First Amendment

Military Medals Case Could Affect False Statement Law That Ensnared a Tweeting Activist

At least 17 states have laws that forbid false campaign speech, and one of them ensnared 46-year-old mechanical engineer Mark Miller.

Miller had urged a “no” vote on a Cincinnati streetcar project on Twitter, claiming the “streetcar boondoggle” had affected the fire department budget, the New York Times reports. The tweet resulted in legal action, filed by streetcar supporters.

Voters allowed the project, and the election commission dismissed the complaint against Miller, who has now filed his own suit contending the Ohio law violates the First Amendment, the story says.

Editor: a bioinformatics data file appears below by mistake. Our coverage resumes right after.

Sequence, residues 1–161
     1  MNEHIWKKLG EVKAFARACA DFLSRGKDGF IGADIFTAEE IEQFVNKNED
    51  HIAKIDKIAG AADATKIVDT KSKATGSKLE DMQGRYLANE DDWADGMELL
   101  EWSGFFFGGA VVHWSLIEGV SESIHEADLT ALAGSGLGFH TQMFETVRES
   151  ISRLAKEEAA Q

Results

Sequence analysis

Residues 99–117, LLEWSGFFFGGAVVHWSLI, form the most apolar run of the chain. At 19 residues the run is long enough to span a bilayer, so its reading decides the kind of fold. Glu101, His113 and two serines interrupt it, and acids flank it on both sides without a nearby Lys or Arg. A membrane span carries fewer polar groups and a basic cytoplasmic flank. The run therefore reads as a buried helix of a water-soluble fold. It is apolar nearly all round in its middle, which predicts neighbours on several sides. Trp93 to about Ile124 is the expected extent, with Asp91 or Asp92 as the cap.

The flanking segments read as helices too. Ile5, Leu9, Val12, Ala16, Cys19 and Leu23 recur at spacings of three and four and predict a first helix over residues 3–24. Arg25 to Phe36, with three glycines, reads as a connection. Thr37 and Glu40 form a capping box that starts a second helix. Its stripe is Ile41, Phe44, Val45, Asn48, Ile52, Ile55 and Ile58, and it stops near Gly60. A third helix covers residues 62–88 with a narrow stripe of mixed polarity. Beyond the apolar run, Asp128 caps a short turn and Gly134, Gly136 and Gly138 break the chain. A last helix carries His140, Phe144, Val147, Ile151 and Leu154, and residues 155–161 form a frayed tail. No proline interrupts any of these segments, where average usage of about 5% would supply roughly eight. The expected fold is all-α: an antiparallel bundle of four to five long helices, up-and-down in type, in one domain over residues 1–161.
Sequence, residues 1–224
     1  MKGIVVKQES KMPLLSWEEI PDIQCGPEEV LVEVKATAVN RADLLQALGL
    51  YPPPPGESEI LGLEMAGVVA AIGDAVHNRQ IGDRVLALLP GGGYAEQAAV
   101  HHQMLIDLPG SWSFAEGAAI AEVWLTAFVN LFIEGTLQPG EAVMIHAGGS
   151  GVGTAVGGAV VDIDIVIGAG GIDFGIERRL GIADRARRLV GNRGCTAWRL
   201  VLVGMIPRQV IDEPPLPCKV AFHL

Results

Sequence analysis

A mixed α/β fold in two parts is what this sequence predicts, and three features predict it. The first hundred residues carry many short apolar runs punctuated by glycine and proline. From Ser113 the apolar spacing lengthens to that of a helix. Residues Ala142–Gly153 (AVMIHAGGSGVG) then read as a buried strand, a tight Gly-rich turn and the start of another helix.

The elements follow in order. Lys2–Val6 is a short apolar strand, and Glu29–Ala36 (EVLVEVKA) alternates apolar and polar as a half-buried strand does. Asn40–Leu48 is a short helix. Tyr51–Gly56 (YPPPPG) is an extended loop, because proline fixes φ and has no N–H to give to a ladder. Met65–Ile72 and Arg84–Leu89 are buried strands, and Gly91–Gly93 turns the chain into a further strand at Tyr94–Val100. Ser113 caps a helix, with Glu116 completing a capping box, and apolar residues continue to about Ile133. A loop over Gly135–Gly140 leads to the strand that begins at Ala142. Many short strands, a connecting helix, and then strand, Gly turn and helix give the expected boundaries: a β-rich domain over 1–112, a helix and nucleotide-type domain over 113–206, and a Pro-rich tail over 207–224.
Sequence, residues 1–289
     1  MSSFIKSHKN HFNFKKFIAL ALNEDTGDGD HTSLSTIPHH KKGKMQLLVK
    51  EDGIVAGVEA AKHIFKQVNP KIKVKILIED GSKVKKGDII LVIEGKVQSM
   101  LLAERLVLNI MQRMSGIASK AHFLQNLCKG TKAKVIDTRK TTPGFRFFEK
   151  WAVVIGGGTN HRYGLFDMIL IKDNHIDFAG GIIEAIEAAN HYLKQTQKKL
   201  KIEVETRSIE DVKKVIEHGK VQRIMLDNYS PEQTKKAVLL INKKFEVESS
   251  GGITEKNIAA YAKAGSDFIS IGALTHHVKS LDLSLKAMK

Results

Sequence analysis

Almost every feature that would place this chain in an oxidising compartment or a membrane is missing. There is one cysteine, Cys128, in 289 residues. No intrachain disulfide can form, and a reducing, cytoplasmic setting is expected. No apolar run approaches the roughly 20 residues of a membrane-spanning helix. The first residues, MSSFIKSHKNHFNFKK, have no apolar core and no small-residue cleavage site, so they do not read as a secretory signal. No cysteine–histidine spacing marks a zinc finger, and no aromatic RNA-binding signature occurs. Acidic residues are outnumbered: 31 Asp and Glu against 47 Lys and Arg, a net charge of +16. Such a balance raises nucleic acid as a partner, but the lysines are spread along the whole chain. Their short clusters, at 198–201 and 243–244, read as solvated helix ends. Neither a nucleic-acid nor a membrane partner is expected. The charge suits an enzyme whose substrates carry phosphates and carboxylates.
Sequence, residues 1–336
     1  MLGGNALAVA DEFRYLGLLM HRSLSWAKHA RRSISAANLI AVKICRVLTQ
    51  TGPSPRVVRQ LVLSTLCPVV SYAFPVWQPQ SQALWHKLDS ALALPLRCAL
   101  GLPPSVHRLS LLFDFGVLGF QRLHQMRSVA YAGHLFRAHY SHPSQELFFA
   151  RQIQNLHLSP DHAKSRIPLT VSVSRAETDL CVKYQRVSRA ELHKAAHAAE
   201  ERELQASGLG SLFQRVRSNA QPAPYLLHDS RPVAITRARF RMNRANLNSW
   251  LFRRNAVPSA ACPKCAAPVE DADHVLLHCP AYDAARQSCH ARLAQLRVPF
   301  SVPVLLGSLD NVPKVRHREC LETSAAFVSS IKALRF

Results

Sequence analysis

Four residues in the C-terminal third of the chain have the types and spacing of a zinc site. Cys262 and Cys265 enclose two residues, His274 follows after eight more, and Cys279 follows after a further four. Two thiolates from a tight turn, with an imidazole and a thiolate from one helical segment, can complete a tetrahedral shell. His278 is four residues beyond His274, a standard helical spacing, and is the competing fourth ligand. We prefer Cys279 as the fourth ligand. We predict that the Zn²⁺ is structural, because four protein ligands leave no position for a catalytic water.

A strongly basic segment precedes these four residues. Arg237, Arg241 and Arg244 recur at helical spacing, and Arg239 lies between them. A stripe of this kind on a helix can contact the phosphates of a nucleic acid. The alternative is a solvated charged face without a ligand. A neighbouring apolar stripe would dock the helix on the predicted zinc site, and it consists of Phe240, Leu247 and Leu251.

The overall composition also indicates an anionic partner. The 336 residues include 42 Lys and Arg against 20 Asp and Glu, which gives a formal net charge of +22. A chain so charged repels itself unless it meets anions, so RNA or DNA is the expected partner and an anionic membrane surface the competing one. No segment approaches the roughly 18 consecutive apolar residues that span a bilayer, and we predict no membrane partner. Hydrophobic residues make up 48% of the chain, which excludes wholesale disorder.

The issue arose in a pending U.S. Supreme Court case on the constitutionality of a law that bans lies about military medals. During oral arguments last month, Justice Elena Kagan asked about laws forbidding false campaign speech. U.S. Solicitor General Donald Verilli, who defended the military medal law, said the state laws were suspect because they “are going to pose a particular risk of chill.”

Miller agrees with that assessment. “I’ve got to second-guess myself every time I sit down in front of a computer,” he told the Times.

Related coverage: “Chemerinsky: Supreme Court Weighs First Amendment, the Stolen Valor Act and the Protection of Lies”

Updated on March 7 to add quotation marks.

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